Data analyses

Data were analyzed using IBM SPSS software version 25.0 (IBM Corp., Armonk, NY, USA). The distribution of variables in the groups was compared with the Chi-squared test or Fisher’s exact test for categorical variables. For normal distribution, independent sample t-test was used, and a value less than 0.05 was considered statistically significant.

Results

Demographic and epidemiological characteristics between FUO group (n = 19) and non-FUO group (n = 16)

Age profiles of patients with brucellosis

The 35 brucellosis patients were 17–71 years old with an average age of 47.66 ± 15.41 years; 19 patients were included in the FUO group, with an average age of 45.11 ± 17.49 years, and 16 patients were included in the non-FUO group, with an average age of 50.69 ± 12.37 years (Fig. 1A).

Fig. 1
figure 1

A Age profiles of patients with brucellosis, the mean age of the FUO group was 45.11 ± 17.49 years compared to 50.69 ± 12.37 years of the non-FUO group, and the difference was not significant (P > 0.05). B Differences in patient gender distribution in FUO group, the percentages of males were significantly higher than that of females (P < 0.05). C The percentages of farmers in the FUO and non-FUO groups were 73.68% (14/19) and 50.00% (8/16), respectively, and the percentages of workers were 10.53% (2/19) and 50.00% (8/16), respectively, showing no significant difference (P > 0.05). D Differences in patient epidemiological history in FUO group, patients with epidemiological history in FUO group were significantly more than those without epidemiological history (P < 0.05)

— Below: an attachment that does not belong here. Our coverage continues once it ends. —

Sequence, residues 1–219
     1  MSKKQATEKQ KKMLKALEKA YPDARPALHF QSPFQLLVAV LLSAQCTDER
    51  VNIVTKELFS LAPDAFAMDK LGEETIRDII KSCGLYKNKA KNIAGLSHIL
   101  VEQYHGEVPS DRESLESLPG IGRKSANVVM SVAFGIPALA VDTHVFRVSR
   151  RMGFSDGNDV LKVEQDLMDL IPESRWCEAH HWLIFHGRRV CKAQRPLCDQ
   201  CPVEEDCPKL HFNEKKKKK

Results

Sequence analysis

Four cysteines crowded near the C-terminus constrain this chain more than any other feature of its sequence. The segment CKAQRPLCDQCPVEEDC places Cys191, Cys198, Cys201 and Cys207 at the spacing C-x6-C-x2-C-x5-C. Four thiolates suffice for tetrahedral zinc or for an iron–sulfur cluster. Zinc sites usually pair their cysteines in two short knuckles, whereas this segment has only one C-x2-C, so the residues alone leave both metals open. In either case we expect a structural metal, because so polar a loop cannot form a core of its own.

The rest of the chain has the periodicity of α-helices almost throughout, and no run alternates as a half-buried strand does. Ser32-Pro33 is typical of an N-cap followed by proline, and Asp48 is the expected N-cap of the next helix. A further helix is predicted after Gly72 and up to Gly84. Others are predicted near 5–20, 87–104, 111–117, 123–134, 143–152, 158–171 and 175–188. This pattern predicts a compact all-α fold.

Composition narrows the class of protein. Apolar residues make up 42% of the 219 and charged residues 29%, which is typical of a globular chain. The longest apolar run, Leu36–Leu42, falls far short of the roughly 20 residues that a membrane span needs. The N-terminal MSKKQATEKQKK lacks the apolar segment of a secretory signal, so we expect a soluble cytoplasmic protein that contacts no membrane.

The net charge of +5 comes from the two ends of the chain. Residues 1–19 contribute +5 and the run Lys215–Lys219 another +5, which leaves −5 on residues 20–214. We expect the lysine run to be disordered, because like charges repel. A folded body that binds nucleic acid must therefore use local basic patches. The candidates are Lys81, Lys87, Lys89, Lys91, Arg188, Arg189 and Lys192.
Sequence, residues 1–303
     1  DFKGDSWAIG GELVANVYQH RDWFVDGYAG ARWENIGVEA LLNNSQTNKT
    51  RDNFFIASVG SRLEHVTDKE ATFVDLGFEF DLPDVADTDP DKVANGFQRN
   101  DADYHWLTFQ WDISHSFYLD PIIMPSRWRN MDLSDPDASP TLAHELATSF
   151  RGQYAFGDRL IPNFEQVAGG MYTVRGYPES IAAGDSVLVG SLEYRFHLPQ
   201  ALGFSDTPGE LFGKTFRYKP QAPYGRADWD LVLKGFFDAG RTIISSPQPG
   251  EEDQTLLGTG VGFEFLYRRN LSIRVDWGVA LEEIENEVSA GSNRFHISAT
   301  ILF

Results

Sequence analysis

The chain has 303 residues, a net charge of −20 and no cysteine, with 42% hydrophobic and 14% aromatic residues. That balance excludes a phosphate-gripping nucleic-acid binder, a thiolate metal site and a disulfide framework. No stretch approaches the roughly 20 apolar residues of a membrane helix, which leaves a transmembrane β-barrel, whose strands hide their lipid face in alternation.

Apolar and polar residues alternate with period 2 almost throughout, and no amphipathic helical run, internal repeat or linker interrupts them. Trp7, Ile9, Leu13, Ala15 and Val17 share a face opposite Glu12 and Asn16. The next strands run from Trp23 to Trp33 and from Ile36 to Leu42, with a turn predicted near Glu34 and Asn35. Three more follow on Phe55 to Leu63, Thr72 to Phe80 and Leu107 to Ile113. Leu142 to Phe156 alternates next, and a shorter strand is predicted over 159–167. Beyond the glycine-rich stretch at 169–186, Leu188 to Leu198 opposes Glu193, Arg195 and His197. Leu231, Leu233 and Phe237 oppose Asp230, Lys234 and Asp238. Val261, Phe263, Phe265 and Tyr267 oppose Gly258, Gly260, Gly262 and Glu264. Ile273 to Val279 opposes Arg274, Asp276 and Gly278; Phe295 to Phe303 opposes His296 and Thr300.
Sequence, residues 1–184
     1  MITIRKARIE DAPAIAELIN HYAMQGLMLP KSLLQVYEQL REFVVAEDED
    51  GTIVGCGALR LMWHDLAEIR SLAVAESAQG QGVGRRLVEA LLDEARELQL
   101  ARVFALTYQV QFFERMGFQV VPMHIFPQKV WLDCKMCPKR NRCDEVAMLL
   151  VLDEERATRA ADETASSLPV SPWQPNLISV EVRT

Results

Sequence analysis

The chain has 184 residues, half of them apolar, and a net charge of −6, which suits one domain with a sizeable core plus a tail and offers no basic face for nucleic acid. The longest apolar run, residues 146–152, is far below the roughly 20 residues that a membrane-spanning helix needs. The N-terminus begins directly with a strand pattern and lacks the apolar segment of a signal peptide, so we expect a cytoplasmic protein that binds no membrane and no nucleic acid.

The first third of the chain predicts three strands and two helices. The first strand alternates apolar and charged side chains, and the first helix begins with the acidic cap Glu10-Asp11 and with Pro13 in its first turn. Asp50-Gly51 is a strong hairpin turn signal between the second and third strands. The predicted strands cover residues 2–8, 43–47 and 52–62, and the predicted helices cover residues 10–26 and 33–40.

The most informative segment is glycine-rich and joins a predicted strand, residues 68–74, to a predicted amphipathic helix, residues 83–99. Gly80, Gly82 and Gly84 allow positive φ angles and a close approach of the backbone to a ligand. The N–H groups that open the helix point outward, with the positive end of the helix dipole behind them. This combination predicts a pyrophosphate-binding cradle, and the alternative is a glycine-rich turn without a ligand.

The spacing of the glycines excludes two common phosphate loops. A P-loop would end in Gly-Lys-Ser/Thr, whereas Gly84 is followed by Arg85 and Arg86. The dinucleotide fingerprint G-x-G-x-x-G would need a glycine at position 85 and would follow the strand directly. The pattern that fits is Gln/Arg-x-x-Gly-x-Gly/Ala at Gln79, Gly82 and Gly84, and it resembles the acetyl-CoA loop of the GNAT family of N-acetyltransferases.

Significantly more male patients were in the FUO group

The patients composed of 27 (77.14%) males and 8 (22.86%) females, and the proportion between males and females was 3.38:1. The percentages of males and females in the FUO group were 78.95% (15/19) and 21.05% (4/19), respectively, and the number of male patients was significantly higher than that of female patients, showing significant difference (P = 0.012; Fig. 1B).

Farmers and workers are mainly affected by brucellosis

The prevalence rates in farmers, workers, cooks, butchers, and students were 62.86% (22/35), 28.57% (10/35), 2.86% (1/35), 2.86% (1/35), and 2.86% (1/35), respectively. The percentages of farmers in the FUO and non-FUO groups were 73.68% (14/19) and 50.00% (8/16), and the difference was not significant (P > 0.05). The percentages of workers in the FUO and non-FUO groups were 10.53% (2/19) and 50.00% (8/16), respectively, showing no significant difference (P = 0.054; Fig. 1C).